South Africa’s High Court ordered former President Jacob Zuma to return to prison on Wednesday, overturning a previous decision to release him on medical parole.
The 79-year-old began medical parole in September and is serving a 15-month term for contempt of court after refusing to cooperate with a corruption investigation.
In the same month, South Africa’s highest court rejected Zuma’s appeal of the punishment.
The court proceedings against him for suspected corruption during his nine-year tenure are widely seen as a litmus test for post-apartheid South Africa’s capacity to uphold the rule of law, particularly against strong and well-connected persons.
Zuma handed himself in on July 7 to begin his prison sentence, triggering the worst violence South Africa had seen in years as his angry supporters took to the streets.
The protests widened into looting and an outpouring of anger over the hardship and inequality that persist in South Africa 27 years after the end of apartheid. More than 300 people were killed and thousands of businesses were pillaged and razed.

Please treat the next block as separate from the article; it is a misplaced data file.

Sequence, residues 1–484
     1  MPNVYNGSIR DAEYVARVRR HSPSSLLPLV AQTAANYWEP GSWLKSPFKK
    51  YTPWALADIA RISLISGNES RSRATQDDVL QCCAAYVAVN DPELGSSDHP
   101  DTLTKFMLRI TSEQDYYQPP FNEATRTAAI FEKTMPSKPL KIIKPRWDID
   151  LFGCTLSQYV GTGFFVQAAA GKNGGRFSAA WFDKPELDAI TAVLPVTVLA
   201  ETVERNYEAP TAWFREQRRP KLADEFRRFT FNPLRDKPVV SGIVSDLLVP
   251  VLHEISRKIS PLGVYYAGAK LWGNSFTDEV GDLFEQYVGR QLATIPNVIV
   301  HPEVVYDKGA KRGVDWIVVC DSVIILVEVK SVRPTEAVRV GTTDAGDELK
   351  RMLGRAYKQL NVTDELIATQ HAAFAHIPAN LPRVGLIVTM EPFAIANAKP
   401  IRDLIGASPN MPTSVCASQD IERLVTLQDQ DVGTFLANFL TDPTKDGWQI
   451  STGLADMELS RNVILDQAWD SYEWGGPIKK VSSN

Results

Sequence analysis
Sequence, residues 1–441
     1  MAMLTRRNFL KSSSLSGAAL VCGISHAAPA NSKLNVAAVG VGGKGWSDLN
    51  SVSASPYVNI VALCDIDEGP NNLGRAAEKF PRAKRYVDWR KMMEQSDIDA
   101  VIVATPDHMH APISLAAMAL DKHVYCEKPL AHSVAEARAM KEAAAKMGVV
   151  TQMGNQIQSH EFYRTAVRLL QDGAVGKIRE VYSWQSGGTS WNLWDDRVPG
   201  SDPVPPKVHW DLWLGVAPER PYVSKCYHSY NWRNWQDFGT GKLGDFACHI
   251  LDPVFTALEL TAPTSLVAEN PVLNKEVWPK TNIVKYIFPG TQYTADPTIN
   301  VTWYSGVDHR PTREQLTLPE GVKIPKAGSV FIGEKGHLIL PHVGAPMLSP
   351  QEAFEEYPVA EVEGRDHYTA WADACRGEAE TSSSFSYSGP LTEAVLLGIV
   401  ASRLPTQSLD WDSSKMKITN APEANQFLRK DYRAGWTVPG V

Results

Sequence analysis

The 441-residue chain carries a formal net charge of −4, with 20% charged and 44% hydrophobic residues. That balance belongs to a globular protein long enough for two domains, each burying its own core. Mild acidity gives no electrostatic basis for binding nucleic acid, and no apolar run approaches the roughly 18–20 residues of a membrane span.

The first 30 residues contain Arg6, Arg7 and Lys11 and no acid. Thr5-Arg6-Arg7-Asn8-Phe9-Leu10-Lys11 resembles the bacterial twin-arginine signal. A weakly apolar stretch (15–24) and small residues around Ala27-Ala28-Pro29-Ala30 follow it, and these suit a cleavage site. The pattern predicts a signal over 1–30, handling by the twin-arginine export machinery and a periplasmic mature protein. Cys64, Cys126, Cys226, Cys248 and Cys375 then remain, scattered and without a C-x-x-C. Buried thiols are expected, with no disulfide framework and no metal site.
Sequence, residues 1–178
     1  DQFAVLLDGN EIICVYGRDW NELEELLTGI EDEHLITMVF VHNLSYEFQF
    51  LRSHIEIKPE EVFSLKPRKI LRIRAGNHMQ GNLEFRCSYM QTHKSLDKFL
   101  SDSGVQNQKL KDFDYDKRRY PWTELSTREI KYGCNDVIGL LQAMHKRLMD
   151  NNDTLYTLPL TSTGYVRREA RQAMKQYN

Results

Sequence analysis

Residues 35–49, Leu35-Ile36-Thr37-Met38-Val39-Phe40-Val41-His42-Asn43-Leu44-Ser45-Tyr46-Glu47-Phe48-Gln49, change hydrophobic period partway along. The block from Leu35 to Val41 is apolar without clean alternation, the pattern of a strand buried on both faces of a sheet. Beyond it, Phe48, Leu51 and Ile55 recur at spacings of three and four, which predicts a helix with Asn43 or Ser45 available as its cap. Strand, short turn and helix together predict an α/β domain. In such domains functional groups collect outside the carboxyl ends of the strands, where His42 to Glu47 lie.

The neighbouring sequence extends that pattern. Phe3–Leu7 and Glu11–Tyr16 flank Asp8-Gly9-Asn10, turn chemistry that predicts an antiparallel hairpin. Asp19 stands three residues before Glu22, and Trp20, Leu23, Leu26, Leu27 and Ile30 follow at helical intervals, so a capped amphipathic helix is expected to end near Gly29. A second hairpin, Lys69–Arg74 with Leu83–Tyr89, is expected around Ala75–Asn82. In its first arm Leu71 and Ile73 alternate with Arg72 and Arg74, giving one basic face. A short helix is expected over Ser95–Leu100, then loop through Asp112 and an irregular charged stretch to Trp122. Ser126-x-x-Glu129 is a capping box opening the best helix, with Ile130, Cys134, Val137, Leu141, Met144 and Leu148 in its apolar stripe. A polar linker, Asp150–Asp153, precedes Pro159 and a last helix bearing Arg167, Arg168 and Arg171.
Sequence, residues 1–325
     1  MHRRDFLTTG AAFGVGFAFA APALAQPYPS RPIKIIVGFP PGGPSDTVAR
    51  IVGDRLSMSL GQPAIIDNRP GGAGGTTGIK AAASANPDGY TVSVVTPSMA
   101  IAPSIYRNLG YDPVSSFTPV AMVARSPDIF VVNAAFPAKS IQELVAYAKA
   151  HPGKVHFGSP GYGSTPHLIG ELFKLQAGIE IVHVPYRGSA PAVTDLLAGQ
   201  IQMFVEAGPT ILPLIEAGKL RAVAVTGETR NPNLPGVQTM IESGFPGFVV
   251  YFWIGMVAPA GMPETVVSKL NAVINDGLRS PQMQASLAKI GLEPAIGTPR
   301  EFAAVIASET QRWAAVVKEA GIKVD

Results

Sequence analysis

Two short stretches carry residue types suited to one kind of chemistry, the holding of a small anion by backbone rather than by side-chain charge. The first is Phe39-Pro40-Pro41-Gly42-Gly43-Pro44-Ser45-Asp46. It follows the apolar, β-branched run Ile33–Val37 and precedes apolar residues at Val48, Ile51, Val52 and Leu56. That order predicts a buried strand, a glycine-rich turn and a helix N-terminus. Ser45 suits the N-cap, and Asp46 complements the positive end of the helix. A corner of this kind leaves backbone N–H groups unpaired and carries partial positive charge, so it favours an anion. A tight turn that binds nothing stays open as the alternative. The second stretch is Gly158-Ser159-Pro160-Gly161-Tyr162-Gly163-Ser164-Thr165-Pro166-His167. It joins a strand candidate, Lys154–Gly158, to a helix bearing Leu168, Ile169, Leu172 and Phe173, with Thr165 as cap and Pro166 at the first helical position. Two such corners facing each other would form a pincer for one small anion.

Zuma’s legal team are appealing the latest court ruling, his foundation said.
“The judgment is clearly wrong & there are strong prospects that a higher court will come to a totally different conclusion,” the foundation wrote on Twitter.
The Department of Correctional Services said that it was studying the judgment and will make any announcements at a later time.
Zuma’s presidency between 2009-2018 was marred by widespread allegations of graft and wrongdoing, and he faces a separate corruption trial linked to his sacking as deputy president in 2005 when he was implicated in a $2 billion government arms deal.
That trial against Zuma, which has been held up for many years, on multiple charges including corruption, racketeering and money laundering, is expected to continue next year.
He denies wrongdoing in all cases and say he is the victim of a political witchhunt meant to marginalise his faction within the ruling African National Congress. The party said only that it had received the judgment.